BoE guides for year-end rate hike - Bluff or real?

15 September 2017

This week's cartoon depicts aptly how roughly half of the UK's economists and market commentators chose to interpret the Bank of England's (BoE) formal warning that there may well be a rate hike before the end of this year. Not at the end of 2018 as the markets had up to now priced in, on the back of the weakening economic environment due to the Brexit uncertainties.

To make sense of what is going on, we need to acknowledge the predicament the BoE's rate setting committee members face. On the one hand, weak business investment and inflation squeezed consumers are hampering the UK's economy to the point where in growth terms the rest of Europe is suddenly overtaking. This would call for more economic stimulus, i.e. low rates for longer.

On the other hand, the UK's current inflation issue is almost entirely caused by the weakness of £'‘Sterling and the price rising effect this has on all imported goods and services. The BoE is explicitly tasked with guarding the UK's price stability. The prospect of higher interest rates usually strengthens a currency - this would call for raising interest rates.

With unemployment continuing to fall to lows last seen 40 years ago, and the combination of low rates and improved job security tempting consumers to take on more (credit card) debt than may be good for them once rates do rise, the BoE can also point at further good reasons to raise rates sooner rather than later.

The ideal scenario would be where the central bank could create the expectation of rate rises which strengthens the currency but doesn't actually have to raise rates which may still be harmful for the wider economy. On the face of it the BoE succeeded in achieving exactly that this week - despite all the talk that they are bluffing.

In our opinion this was mainly achieved by one of their most academically astute external committee members - Gertjan Vlieghe - in a speech presenting a cohesive argument why rate rises may be necessary now and at the same time not become an issue for the economy (more on the subject in the second article of this week's edition).

Nevertheless, the BoE's credibility is now at stake and if rates do not rise before the end of the year, then £-Sterling will plummet again. We therefore believe it highly likely now that we will get a 0.25% rate rise this year. However, this would simply return UK interest rates back to where they already were for nearly 8 years, prior to last year's referendum (see chart below).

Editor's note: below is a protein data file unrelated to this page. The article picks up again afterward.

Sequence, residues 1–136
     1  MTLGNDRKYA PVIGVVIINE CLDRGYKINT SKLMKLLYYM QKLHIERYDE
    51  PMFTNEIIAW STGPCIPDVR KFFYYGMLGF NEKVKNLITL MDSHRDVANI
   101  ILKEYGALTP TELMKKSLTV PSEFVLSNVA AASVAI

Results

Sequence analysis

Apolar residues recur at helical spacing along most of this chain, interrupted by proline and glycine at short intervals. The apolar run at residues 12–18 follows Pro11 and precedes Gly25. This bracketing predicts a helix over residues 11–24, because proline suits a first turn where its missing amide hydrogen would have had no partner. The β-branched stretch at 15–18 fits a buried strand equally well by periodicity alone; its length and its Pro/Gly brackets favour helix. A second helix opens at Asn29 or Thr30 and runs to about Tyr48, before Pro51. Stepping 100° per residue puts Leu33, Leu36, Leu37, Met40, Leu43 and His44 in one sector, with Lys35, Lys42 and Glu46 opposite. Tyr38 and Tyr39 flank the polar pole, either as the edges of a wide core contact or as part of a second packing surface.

Thereafter, further rate rises will once again be very dependent on the shape of the UK economy. To this end, we would not be surprised if the economists at the BoE are putting their hope into the same charts we have peered over during this week's investment committee. They are telling us that there is a good chance that the UK's economy will at long last come to enjoy a demand boost from export growth, as the weakness of £-Sterling is finally leading to a marked improvement in order books.

In other news this week, we were initially very relieved that the North Korean Kim Jong-un refrained from missile '˜fireworks' to commemorate the country's founding day. We were perhaps even more relieved when markets almost ignored on Thursday the firing of a mid-range test missile that flew over Japan and then fell into the Pacific. It appears that '˜missile fatigue' has set in and led to stress relief in markets, with bonds losing ground and equities gaining. Only in the UK both asset classes lost value over the week, but this was a straight reversal of what investors enjoyed last year when £-Sterling's depreciation led to rallying stock markets, as overseas revenue streams become more valuable and overseas investors snapped up shares that had become bargains from an external currency perspective.

The UK equity underweight across portfolios added value in this environment, but the £-Sterling underweight this brings needs to be continuously assessed. With the Global economic outlook consistently improving and even the US president finally beginning to achieve policy progress we are minded to raise portfolio equity allocations from underweight back to neutral. Higher than benchmark/risk-profile neutral still does not look like the right positioning as long as the North Korea conflict remains unresolved and thereby might or might not deteriorate investor sentiment rapidly. However, on the basis of its unpredictability it appears wrong to position portfolios in anticipation of an event that might never happen.

For the full weekly, please click here.